14. Teleoperated robotic sorting system

    DOEpatents

    Roos, Charles E.; Sommer, Jr., Edward J.; Parrish, Robert H.; Russell, James R.

    2008-06-24

    A method and apparatus are disclosed for classifying materials utilizing a computerized touch sensitive screen or other computerized pointing device for operator identification and electronic marking of spatial coordinates of materials to be extracted. An operator positioned at a computerized touch sensitive screen views electronic images of the mixture of materials to be sorted as they are conveyed past a sensor array which transmits sequences of images of the mixture either directly or through a computer to the touch sensitive display screen. The operator manually "touches" objects displayed on the screen to be extracted from the mixture thereby registering the spatial coordinates of the objects within the computer. The computer then tracks the registered objects as they are conveyed and directs automated devices including mechanical means such as air jets, robotic arms, or other mechanical diverters to extract the registered objects.

  15. Teleoperated robotic sorting system

    SciTech Connect

    Roos, Charles E.; Sommer, Edward J.; Parrish, Robert H.; Russell, James R.

    2000-01-01

    A method and apparatus are disclosed for classifying materials utilizing a computerized touch sensitive screen or other computerized pointing device for operator identification and electronic marking of spatial coordinates of materials to be extracted. An operator positioned at a computerized touch sensitive screen views electronic images of the mixture of materials to be sorted as they are conveyed past a sensor array which transmits sequences of images of the mixture either directly or through a computer to the touch sensitive display screen. The operator manually "touches" objects displayed on the screen to be extracted from the mixture thereby registering the spatial coordinates of the objects within the computer. The computer then tracks the registered objects as they are conveyed and directs automated devices including mechanical means such as air jets, robotic arms, or other mechanical diverters to extract the registered objects.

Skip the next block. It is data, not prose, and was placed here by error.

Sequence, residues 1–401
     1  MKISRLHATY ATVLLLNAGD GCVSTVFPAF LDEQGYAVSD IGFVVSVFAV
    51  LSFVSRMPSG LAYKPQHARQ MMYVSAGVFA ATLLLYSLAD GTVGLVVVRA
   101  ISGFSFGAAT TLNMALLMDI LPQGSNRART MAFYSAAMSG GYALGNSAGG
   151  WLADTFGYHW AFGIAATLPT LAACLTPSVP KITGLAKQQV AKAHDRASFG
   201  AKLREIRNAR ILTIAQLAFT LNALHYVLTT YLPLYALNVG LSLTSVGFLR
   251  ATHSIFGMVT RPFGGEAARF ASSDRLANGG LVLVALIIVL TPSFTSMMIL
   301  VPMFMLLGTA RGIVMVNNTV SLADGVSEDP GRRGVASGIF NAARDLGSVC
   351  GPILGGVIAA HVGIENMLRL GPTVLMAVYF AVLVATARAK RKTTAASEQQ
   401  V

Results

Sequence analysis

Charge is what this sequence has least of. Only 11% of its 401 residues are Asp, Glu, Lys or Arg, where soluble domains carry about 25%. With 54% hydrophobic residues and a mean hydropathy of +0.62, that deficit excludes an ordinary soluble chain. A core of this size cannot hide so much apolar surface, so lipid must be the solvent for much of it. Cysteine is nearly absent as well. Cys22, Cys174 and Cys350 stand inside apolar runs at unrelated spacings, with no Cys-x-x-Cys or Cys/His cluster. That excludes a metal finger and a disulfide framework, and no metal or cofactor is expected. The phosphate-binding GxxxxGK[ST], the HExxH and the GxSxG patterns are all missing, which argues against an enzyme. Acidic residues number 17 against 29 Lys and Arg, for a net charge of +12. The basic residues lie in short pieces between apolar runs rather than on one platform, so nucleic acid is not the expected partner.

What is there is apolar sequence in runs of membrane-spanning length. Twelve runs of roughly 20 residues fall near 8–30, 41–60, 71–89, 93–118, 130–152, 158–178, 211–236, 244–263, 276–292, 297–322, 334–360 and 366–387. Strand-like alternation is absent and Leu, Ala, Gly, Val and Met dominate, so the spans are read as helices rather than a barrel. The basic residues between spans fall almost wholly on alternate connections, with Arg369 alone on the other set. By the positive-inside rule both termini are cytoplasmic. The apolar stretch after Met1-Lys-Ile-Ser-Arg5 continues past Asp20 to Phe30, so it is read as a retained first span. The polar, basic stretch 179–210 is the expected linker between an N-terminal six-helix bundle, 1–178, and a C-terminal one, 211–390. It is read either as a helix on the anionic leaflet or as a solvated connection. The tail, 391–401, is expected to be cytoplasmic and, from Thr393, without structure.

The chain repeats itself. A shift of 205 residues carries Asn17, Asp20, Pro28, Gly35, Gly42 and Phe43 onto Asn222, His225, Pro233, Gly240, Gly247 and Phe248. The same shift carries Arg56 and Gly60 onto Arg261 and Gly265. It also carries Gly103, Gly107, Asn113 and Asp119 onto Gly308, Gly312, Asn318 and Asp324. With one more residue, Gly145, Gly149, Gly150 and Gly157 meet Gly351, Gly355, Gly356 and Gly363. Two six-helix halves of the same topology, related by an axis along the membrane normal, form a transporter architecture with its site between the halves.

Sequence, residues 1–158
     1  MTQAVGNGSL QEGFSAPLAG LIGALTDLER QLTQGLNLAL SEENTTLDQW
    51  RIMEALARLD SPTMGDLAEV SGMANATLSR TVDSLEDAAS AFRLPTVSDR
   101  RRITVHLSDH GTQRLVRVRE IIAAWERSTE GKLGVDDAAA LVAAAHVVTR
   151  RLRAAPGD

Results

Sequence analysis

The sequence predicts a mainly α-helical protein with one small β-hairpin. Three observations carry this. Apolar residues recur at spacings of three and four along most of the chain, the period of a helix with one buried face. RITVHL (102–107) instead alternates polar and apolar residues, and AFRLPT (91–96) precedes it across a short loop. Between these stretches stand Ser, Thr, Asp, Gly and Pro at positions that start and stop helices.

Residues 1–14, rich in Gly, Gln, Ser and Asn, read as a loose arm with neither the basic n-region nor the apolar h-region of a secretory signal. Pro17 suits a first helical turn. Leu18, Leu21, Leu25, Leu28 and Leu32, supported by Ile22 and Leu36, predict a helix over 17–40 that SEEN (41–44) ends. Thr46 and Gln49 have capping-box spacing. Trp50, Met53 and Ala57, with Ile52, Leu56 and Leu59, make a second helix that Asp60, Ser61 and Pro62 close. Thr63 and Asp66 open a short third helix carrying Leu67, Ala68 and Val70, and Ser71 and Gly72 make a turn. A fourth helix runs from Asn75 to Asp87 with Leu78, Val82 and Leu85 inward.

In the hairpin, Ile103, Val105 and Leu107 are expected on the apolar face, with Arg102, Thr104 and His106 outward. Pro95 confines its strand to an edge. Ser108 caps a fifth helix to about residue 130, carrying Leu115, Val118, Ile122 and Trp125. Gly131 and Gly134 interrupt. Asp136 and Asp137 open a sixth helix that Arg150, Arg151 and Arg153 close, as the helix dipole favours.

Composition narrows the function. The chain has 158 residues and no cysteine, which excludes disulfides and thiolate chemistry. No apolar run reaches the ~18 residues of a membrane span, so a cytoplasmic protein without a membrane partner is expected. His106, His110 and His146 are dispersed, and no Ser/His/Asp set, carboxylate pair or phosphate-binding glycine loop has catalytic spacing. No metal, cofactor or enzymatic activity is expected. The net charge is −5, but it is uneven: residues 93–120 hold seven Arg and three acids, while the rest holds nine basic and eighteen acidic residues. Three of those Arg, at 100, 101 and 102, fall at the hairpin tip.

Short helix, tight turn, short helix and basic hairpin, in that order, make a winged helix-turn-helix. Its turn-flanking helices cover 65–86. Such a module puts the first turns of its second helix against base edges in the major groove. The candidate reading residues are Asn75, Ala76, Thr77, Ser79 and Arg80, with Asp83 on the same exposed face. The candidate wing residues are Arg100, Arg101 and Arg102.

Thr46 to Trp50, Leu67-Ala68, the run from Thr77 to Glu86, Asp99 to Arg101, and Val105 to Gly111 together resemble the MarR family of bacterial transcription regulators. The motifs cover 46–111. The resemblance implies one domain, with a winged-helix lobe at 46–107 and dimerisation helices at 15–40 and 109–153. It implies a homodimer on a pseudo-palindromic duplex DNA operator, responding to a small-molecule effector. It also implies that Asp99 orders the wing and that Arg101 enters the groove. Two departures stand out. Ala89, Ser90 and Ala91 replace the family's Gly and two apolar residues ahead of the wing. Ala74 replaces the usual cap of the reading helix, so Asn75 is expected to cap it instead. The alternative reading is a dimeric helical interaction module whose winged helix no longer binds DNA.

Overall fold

16. 45 CFR 674.6 - Submission of information to NSF.

    Code of Federal Regulations, 2011 CFR

    2011-10-01

    ... 45 Public Welfare 3 2011-10-01 2011-10-01 false Submission of information to NSF. 674.6 Section 674.6 Public Welfare Regulations Relating to Public Welfare (Continued) NATIONAL SCIENCE FOUNDATION ANTARCTIC METEORITES § 674.6 Submission of information to NSF. A copy of the written procedures developed...

  17. 45 CFR 674.6 - Submission of information to NSF.

    Code of Federal Regulations, 2010 CFR

    2010-10-01

    ... 45 Public Welfare 3 2010-10-01 2010-10-01 false Submission of information to NSF. 674.6 Section 674.6 Public Welfare Regulations Relating to Public Welfare (Continued) NATIONAL SCIENCE FOUNDATION ANTARCTIC METEORITES § 674.6 Submission of information to NSF. A copy of the written procedures developed...

  18. Challenges and Opportunities for Engineering Education: An NSF Perspective.

    ERIC Educational Resources Information Center

    Suh, Nam P.

    1985-01-01

    The National Science Foundation (NSF) believes three areas of engineering education require attention: (1) lack of qualified faculty; (2) updating and maintaining instructional instrumentation, equipment, and facilities; and (3) inability to transmit knowledge of some engineering disciplines to students. NSF approaches to solving these problems…

  19. What NSF Expects in Project Evaluations for Educational Innovations.

    ERIC Educational Resources Information Center